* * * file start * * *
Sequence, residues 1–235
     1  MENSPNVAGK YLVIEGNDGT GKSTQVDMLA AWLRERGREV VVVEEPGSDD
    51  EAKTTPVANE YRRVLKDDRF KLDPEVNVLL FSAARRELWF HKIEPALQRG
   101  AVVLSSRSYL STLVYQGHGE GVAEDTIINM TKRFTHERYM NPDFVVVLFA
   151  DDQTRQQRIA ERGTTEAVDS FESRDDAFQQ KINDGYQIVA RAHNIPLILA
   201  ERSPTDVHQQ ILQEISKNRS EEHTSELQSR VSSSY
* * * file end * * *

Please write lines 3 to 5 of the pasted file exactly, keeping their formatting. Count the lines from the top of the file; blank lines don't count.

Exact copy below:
    51  EAKTTPVANE YRRVLKDDRF KLDPEVNVLL FSAARRELWF HKIEPALQRG
   101  AVVLSSRSYL STLVYQGHGE GVAEDTIINM TKRFTHERYM NPDFVVVLFA
   151  DDQTRQQRIA ERGTTEAVDS FESRDDAFQQ KINDGYQIVA RAHNIPLILA